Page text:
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Rockhurst Lacks English Electives

 

This piece was published in the September 2015 issue of the Prep News

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Anyone that knows me well knows that above all, I am “an English guy.” It’s true, I love English. It is my best subject, my passion, and could very well become my livelihood someday. It is natural, then, that I would want to expand my English horizons as far as they could possibly reach. The problem is that I can’t.

For those interested in science, the only problem with electives is that there are too many to choose from (not entirely unrelated to the STEAM initiative). For those interested in visual or performing arts, electives are not scarce with classes ranging from Intro to Dance to AP Studio Art. But for the English folk like myself, not a single elective is to be found.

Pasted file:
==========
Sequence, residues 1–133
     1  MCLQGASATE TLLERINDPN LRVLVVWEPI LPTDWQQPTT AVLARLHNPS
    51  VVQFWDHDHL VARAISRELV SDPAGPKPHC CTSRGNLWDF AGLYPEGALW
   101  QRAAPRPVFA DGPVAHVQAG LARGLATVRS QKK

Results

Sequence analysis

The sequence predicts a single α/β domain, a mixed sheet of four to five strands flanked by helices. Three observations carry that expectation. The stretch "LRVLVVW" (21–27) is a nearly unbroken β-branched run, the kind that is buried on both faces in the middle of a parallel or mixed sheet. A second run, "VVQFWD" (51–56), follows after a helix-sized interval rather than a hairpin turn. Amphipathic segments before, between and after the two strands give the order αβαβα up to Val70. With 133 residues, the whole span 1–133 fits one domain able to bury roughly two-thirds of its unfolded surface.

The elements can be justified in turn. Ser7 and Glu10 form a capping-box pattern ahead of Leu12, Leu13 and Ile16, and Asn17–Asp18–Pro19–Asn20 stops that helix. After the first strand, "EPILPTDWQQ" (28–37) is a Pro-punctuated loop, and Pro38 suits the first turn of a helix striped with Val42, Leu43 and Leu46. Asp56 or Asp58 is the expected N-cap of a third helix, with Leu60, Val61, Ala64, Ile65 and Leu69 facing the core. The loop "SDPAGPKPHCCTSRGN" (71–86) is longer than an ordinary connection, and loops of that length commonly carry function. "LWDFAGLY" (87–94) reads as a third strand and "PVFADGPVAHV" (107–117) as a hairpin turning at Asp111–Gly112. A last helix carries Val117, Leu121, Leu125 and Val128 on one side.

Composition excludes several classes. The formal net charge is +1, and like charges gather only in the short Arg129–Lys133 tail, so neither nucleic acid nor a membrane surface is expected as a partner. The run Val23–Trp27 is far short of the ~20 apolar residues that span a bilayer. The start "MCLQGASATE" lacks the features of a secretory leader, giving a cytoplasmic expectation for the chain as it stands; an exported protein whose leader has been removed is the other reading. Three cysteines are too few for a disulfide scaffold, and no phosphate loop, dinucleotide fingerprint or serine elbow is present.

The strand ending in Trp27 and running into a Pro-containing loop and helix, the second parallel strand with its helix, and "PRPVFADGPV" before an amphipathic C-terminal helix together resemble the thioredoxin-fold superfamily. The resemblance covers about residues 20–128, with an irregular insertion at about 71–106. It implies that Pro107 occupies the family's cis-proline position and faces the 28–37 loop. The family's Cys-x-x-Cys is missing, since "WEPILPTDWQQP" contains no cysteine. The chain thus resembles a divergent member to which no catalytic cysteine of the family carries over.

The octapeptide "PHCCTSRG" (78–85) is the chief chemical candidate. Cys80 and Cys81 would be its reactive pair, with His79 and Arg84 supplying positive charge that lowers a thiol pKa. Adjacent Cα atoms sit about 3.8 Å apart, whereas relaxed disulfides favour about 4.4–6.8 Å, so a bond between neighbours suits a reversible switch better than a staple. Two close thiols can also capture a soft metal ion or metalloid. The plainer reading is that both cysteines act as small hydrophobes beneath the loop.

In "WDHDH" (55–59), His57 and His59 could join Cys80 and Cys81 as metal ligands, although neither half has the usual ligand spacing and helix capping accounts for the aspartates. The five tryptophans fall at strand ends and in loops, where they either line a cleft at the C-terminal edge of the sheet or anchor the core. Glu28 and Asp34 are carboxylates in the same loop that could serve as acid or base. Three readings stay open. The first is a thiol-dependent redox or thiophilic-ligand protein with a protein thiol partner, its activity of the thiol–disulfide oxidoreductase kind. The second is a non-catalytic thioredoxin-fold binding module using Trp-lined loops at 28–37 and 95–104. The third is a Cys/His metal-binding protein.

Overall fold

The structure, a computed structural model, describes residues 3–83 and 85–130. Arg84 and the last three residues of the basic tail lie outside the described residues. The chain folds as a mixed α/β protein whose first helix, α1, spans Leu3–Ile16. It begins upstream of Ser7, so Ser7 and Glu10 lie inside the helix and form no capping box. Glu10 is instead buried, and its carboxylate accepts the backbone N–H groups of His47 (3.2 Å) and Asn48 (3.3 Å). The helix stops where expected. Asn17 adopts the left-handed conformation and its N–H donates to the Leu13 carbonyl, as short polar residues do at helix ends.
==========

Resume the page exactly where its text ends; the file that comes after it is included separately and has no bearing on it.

In a school that prides itself on the quantity and quality of opportunities offered to students, it seems absurd that not a single English elective exists at Rockhurst. There is no curricular opportunity for creative writing or intensive Shakespeare study outside of the mandatory English classes, and those leave little room for selective study.

 

EngElectives1

 

If I want to further my study of English, literature and composition, I think my school should provide curricular opportunities to do so. English electives at other private schools can be found in abundance, even at other Jesuit all-male high schools like St. Louis University High School, which offers 12 English electives.

Yes, you read that correctly. A school with markedly similar demographics, similar origins and physical proximity offers 12 more English electives than we do. It would be hard to say that Rockhurst is going for the Magis with a comparison like that. I can only assume that the absence of electives is not due to lack of faculty or finance, considering the sums that have gone towards STEAM initiatives and master plan renovations. Not to mention, English classes do not require any of the expensive technology that a program like robotics does.

A school should start with the curriculum. A shiny new classroom with a spotty curriculum does not benefit the students, and the absence of English electives is certainly a large hole in an otherwise broad curriculum.

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